Thai-Tang's family came to the U.S. in 1975, eventually settling in Staten Island, New York. The move to the U.S. raised Thai-Tang's aspirations, and he went after a job in the auto industry. He earned his engineering degree from Carnegie Mellon University (for which he recruits graduates for Ford Motor Co.) and an MBA from the University of Michigan. Thai-Tang has worked for the automaker for more than 16 years, including a stint in 1993 on Nigel Mansell's CART team and a tour in Europe from 1995-1997 working on the Scorpio.
I love these kind of stories! Only in America....
I just test drove an '05 GT on Saturday. Very impressive machine. Hats off to Thai-Tang
I think he's related to the Wisconsin hunter hunter.
Well the 2005 looks like a small 1971. Dodn't get me wrong I like it, but it's not exactly original or anything.
I think that was the point.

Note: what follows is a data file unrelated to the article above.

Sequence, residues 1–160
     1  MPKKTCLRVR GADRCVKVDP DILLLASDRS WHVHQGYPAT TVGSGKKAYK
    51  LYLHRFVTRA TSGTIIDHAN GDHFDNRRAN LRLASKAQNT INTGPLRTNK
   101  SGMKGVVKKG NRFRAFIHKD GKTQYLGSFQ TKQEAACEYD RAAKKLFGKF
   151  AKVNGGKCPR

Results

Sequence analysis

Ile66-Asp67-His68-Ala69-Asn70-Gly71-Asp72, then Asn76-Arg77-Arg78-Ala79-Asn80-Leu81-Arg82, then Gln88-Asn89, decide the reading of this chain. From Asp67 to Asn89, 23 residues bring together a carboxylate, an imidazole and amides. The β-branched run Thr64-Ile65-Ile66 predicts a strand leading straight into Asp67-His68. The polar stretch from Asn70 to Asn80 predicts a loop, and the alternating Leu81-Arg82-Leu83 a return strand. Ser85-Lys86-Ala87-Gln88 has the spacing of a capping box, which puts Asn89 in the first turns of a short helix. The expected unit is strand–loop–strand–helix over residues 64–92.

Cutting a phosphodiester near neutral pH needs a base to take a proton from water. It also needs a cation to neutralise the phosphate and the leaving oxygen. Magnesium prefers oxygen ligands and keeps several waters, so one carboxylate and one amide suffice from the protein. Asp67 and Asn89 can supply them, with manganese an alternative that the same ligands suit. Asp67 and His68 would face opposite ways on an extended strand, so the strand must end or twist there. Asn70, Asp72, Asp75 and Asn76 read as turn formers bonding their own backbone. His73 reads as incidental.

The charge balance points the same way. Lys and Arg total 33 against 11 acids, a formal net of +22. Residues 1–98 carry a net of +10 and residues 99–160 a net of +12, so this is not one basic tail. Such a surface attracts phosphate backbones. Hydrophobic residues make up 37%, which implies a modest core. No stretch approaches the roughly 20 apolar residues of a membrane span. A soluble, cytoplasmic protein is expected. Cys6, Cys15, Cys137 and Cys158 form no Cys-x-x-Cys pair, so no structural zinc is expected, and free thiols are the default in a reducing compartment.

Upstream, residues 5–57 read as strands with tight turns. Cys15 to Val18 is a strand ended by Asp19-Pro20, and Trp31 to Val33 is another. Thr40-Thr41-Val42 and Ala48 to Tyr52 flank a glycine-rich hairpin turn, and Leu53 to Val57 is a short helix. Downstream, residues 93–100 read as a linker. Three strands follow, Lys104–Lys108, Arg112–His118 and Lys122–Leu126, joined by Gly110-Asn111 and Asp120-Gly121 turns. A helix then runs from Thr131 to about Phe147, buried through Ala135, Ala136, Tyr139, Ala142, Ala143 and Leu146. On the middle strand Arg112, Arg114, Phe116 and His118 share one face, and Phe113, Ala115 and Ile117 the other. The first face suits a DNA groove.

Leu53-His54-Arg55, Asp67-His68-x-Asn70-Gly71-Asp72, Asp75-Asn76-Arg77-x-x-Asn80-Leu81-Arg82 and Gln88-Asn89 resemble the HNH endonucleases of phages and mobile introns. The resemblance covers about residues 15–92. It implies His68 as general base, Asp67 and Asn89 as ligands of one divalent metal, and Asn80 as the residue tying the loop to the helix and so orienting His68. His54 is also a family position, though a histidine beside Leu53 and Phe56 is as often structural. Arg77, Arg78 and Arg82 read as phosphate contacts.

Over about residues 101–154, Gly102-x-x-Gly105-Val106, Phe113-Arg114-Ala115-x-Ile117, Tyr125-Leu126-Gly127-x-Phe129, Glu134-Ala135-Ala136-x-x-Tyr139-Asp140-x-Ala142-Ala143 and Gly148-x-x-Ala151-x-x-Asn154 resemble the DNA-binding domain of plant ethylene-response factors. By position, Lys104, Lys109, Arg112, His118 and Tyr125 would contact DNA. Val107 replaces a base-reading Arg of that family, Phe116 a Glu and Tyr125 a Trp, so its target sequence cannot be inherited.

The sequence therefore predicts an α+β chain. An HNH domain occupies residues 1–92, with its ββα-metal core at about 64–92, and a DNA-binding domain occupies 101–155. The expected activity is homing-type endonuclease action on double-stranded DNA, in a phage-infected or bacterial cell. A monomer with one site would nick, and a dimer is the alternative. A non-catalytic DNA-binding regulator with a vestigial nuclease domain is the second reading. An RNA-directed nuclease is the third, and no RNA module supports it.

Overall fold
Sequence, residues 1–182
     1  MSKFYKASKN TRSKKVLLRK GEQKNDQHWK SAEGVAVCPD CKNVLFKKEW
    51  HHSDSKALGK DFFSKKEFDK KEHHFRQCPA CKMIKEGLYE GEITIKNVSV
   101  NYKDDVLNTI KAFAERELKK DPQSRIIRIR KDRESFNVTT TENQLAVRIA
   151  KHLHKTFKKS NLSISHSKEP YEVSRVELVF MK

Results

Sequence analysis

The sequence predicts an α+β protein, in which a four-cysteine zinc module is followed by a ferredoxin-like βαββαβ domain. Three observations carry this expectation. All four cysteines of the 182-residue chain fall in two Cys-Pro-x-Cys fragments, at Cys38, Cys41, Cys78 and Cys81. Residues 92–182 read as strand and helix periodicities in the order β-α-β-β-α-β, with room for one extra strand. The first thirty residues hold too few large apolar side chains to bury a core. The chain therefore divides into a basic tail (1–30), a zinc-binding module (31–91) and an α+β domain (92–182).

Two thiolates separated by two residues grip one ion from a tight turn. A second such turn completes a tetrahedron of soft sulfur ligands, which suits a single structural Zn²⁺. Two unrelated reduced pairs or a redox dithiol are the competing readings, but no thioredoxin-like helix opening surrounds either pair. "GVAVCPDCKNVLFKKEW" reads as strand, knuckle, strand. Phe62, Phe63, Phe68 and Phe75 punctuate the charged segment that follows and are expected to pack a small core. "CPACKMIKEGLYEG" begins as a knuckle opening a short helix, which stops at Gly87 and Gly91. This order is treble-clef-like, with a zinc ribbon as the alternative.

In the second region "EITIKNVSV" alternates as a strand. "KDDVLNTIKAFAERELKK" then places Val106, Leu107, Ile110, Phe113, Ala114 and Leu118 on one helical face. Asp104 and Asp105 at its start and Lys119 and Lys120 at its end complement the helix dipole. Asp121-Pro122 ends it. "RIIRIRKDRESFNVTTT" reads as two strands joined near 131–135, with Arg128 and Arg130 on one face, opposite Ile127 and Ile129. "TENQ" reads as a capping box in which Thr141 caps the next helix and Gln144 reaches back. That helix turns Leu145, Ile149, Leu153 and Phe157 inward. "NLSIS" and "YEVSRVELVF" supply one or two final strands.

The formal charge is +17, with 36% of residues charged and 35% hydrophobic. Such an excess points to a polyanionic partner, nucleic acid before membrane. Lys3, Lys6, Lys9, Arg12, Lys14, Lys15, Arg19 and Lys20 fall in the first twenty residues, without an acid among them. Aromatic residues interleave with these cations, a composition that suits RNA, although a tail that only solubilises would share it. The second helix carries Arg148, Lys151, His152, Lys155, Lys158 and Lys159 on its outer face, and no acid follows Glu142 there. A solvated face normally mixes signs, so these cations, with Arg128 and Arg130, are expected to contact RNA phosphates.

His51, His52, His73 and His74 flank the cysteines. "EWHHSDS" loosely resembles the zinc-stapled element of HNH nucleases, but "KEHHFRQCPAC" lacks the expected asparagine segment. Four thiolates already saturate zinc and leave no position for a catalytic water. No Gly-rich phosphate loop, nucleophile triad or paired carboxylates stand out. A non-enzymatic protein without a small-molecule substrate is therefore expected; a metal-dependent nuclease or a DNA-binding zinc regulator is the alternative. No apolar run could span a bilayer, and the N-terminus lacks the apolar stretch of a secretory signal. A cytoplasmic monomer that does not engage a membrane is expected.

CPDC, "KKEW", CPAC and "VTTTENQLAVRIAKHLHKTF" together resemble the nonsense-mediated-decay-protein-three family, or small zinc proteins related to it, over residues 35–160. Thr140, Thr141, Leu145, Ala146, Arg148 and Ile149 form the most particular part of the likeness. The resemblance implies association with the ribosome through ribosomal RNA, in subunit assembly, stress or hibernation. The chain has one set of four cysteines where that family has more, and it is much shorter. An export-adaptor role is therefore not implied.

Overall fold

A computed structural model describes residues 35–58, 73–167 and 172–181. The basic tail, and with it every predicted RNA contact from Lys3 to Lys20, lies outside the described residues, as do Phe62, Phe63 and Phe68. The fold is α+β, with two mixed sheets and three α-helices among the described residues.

That's not nice.
Yeah, not like it was designed from the ground up. It's very similar to the first gen frames.
I doubt those who "celbrate diversity" are cheering the creation of another evil, fossil fuel eating, symbol
of American "excess".
but I am.
I know. I'm not very nice.
Robert S. McNamara
Upon his discharge from the air force, McNamara joined the Ford Motor Company. He was elected as a director of the company in 1957, and president of the company in 1960. At the request of President-elect John F. Kennedy, McNamara agreed to serve as Secretary of Defense of the United States, a position he held from 1961 until 1968. He became president of the World Bank Group of Institutions in April of 1968, retiring in 1981.
A fine bit of news for a grey monday.
Nope, it was his rendition of "Feerings" in a Karaoke bar.
Geez... This guy must be wandering off the reservation according to Jesse!!! Someone needs to stop the guy (/sarcasm off)
The designer of the new Mustang is...